Water Journal : Water Journal May 2014
WATER MAY 2014 12 CrossCurrent of the State's 105 local water utilities. "The report shows the NSW local water utilities continue to lead the way in providing affordable services for regional NSW," Ms Hodgkinson said. The report will shortly be provided to all NSW water utilities and can be accessed online at NSW Of ce of Water website. Hunter Water has completed a $13 million upgrade to its wastewater system, which should bring an end to years of sewer over ows in Adamstown and surrounding suburbs that occurred every time the suburb experienced heavy rain. The eight-year project used state-of-the-art technology known as 'horizontal directional drilling' to tunnel beneath Merewether Golf Course and through the hill at Merewether Heights to Burwood Waste Water Treatment Plant, all without disturbing life above the surface. 40,000 megalitres of water has been allocated in the lower Murrumbidgee, New South Wales, to help protect the area's wetlands. "Water delivery commenced [in April] to wetlands including those in Nimmie-Caira, Yanga National Park, Fiddlers and Uara Creeks and the Western Lakes," said Senator Simon Birmingham, Parliamentary Secretary for the Environment. A potential deep underground drinking water source has been discovered near Maitland as part of investigations for the soon to be released Lower Hunter Water Plan. The 'Lower Hunter Alluvial Groundwater Source' is believed to be about 20 metres below ground where the Paterson and Hunter Rivers meet near Morpeth, and could be tapped by Hunter Water in the event of a drought. A new program, Sustaining the Basin: Irrigated Farm Modernisation (STBIFM), is being delivered by the NSW Department of Primary Industries (DPI). STBIFM will improve the long-term sustainability of regional communities by allowing irrigators to maintain or improve productivity, adapt to reduced water availability and provide water back to the environment through upgrading irrigation infrastructure in the NSW Border Rivers, Gwydir, Namoi/ Peel and Macquarie/Cudgegong water management areas. The Australian Government is providing $83M of funding from the Sustainable Rural Water Use & Infrastructure program. Queensland Brisbane's annual household water bill is set to rise by an average of $72 next nancial year, Queensland Urban Utilities has announced. Ipswich residents will be hit with the largest rise among the water authority's ve service regions, with an average residential rise of $82 tipped in the inland city. Seven stormwater harvesting centres will be built across Brisbane parks and reserves over the next 20 months at a cost of $10.78 million. Overall plans for the centres show they will collect 185 megalitres each year, the equivalent of 74 Olympic swimming pools. Half of the money will come from Brisbane City Council, while the other 50 per cent will come from the Australian Government. Work at the Whites Hill Centre has begun and the seven projects should be nished in 2016. A $2.6 billion recycled water pipeline that is currently not producing any water could be sold to the private sector or shut down completely under options to be considered by State Cabinet. Premier Campbell Newman said the Queensland Government had to make some tough decisions about what to do with the Western Corridor Recycled Water Scheme and the $1.2 billion Gold Coast Desalination Plant. The Queensland Government will consider increasing the size of Wivenhoe Dam and constructing a number of new dams to lessen the impact of future major oods. It follows the announcement to change the way the dam operates in times of extreme weather to release more water to prevent widespread downstream ooding. Premier Campbell Newman said the locations of eight new dams had been identi ed, which would potentially protect thousands of homes and businesses. A pilot project funded by Queensland Urban Utilities (QUU) will not only have big environmental bene ts but will also demonstrate a way to help moderate water prices. The trial is designed to prevent sediment and nutrients from entering the Logan River and is the rst pilot program of its kind by a water service provider in Queensland. Environment Minister Andrew Powell said close to $1 million has been invested by QUU to repair 500m of eroded riparian corridors near the Beaudesert Sewage Treatment Plant in the Logan River catchment. Victoria The Victorian Coalition Government is delivering on the promise to reduce the impact of the Desalination Plant on the water bills of Melbourne families. "As of today, a total of $1.2 billion has now been clawed back from the total contract costs of the Desalination Plant project," Victorian Minister for Water, Peter Walsh said last month. "The latest reduction in total contract costs comes from successful strategic debt re nancing, which will deliver Melbourne families a $187 million reduction on water bills." The Victorian Coalition Government is investing $1.95 million from its Regional Growth Fund to provide a reliable water supply to six vineyards in the Landsborough Valley in Western Victoria, securing around 60 jobs. Minister for Water Peter Walsh said access to a reliable water supply was critical for wine grape growers. "Thanks to water savings generated by the Wimmera Mallee Pipeline, six vineyards will have access to a reliable and secure water supply." A draft strategy on Ballarat's water future is due to be released as part of the Victorian Coalition Government's $1 million Living Ballarat project. "Local residents are already leading the way in water ef ciency, with research showing that around 90 per cent of buildings in the Ballarat and Maryborough districts use water- ef cient appliances and practices to reduce water use," said Victorian Minister for Water Peter Walsh. Stock and domestic water will ow year-round to 112 properties in the Cosgrove area, east of Shepparton, thanks to a $6 million pipeline announced by Victorian Minister for Water. Mr Walsh said the Cosgrove Stock and Domestic Pipeline would provide landholders with a reliable water supply and improved water quality.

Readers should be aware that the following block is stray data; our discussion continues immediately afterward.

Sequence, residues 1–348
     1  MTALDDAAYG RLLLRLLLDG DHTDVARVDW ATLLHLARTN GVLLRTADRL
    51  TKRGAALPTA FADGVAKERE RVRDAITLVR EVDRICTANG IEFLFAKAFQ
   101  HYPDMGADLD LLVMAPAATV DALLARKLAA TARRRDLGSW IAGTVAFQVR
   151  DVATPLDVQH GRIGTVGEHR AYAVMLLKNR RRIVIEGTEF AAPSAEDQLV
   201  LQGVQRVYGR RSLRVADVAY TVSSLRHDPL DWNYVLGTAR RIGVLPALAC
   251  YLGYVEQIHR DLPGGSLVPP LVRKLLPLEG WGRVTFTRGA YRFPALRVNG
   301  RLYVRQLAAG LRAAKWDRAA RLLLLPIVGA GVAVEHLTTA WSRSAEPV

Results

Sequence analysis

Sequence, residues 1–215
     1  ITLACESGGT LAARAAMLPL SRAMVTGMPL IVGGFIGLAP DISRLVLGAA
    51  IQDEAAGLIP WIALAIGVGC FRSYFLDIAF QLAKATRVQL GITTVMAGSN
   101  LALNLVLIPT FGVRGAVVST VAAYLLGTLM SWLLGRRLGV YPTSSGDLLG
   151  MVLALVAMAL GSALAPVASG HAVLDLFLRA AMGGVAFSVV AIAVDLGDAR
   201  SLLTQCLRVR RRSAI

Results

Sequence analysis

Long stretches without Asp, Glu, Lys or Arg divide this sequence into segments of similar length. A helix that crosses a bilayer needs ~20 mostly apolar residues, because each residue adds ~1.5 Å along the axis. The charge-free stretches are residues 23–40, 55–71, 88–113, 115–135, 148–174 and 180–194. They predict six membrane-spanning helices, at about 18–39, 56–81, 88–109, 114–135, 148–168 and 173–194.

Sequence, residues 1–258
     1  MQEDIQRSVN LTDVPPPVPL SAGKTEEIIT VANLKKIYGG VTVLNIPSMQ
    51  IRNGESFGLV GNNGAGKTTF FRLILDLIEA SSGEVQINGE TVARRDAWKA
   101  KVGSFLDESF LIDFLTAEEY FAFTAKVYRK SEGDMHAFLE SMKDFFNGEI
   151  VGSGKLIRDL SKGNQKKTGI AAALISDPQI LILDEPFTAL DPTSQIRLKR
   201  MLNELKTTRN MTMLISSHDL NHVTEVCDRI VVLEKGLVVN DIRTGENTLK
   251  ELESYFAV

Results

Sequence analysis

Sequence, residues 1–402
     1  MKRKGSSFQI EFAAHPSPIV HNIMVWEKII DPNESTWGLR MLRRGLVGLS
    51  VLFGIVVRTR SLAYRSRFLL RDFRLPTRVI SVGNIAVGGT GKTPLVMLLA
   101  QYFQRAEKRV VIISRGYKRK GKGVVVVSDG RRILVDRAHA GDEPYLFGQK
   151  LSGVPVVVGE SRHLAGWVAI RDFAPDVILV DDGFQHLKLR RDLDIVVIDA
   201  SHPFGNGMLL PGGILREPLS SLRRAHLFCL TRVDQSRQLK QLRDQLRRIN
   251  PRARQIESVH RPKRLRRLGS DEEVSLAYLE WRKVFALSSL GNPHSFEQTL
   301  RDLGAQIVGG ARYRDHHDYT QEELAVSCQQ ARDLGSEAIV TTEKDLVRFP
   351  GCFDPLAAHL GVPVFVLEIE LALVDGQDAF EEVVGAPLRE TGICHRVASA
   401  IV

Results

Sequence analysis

Water Journal April 2014
Water Journal June 2014